Most jurisdictions have now abolished the defense of legal impossibility to a charge of attempt either by statute or case law. See State v. Curtis, 603 A.2d 356, 358-59 (Vt. 1991), and authorities cited therein.

The history of impossibility as a defense in Oklahoma involves a tale of two cases. Oklahoma's main case in support of the defense is Nemecek v. State, 72 Okl. Cr. 195, 114 P.2d 492 (1941), overruled on other grounds, Broadway v. State, 818 P.2d 1253, 1255 (Okl.Cr. 1991). In that case, the defendant was convicted of attempting to obtain under false pretenses reimbursement from his insurer for fire loss. The defendant's policy was valued at $600.00, and he had claimed that his total loss amounted to $1,591.47. In doing so, he intentionally claimed items had been destroyed, when, in fact, these items were not damaged by the blaze. Even without falsely listing items, however, the defendant's genuine loss still exceeded $600.00. The Court of Criminal Appeals reversed the conviction, holding that, despite the fact that the defendant had done all he intended to do, no substantive crime was committed.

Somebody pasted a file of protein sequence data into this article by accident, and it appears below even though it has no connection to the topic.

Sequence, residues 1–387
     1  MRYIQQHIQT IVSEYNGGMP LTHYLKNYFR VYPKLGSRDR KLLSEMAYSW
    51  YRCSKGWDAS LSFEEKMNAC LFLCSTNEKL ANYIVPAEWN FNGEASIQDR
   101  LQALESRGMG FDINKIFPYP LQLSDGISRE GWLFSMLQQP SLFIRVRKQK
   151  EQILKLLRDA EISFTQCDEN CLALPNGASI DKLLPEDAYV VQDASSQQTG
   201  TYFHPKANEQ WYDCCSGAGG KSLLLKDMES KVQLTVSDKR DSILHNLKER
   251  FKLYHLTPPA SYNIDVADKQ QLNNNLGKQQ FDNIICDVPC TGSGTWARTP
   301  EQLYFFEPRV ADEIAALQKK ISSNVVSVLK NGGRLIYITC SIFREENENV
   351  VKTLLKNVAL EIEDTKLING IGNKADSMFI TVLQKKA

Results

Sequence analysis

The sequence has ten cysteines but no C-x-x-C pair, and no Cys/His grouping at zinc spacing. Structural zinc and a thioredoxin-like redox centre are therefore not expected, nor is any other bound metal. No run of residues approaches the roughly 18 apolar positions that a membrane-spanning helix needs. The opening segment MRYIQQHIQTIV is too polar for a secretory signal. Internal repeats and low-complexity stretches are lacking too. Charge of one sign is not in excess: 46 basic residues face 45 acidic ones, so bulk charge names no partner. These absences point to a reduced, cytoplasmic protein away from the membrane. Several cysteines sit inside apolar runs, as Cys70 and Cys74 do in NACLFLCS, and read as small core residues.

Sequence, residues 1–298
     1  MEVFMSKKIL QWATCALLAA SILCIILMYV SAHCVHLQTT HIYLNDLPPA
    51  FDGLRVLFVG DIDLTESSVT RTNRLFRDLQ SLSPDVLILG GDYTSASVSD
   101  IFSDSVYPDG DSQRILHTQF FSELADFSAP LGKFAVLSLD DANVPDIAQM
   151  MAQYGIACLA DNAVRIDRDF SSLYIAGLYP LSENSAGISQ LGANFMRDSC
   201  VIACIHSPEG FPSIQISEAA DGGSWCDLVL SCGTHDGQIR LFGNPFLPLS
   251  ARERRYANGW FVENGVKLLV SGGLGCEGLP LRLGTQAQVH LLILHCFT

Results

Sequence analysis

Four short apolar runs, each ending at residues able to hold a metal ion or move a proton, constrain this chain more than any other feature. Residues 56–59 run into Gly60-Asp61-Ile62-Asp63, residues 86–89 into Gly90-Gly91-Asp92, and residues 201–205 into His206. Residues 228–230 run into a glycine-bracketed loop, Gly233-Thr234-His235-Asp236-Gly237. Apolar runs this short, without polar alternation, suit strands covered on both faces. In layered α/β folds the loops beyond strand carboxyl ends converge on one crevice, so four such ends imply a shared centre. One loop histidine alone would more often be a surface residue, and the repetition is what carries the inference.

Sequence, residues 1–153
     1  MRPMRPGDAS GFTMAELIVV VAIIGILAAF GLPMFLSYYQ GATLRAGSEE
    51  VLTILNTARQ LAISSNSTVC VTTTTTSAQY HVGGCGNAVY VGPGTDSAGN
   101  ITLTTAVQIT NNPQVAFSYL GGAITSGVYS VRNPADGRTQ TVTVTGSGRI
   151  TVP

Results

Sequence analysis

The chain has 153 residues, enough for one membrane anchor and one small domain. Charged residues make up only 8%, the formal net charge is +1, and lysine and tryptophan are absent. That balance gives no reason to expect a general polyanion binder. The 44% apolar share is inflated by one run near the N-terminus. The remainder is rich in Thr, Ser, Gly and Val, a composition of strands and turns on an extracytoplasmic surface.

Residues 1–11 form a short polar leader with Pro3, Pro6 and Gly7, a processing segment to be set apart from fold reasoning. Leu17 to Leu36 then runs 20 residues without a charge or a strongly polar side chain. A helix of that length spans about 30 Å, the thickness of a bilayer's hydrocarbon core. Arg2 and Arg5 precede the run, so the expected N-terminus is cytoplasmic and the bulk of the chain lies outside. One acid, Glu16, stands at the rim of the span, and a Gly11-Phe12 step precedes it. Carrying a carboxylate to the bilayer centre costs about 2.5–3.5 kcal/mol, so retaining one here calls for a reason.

In 1964, the Court of Criminal Appeals decided the case of Booth v. State, 398 P.2d 863 (Okl. Cr. 1964), a decision generally looked upon as a pivotal point in Oklahoma attempt law. The defendant had made arrangements with a thief to buy a stolen coat. Prior to delivery the thief was apprehended by police and the coat was recovered. The thief agreed to cooperate with the police by making the transfer as scheduled. The exchange was made under police surveillance, and Booth was subsequently arrested for receiving stolen goods. The trial court instructed the jury that, because the coat in question had been recovered, and thus was no longer "stolen" property, it could only consider Booth's guilt as to the lesser included crime of attempt to receive stolen goods. The jury convicted, and the Court of Criminal Appeals reversed, on the ground that "a legal impossibility precluded defendant from being prosecuted for the crime of knowingly receiving stolen property." Id. at 871. (This was in reality only a factual impossibility. See R. Perkins, Criminal Law 570-71 (2d ed. 1969).)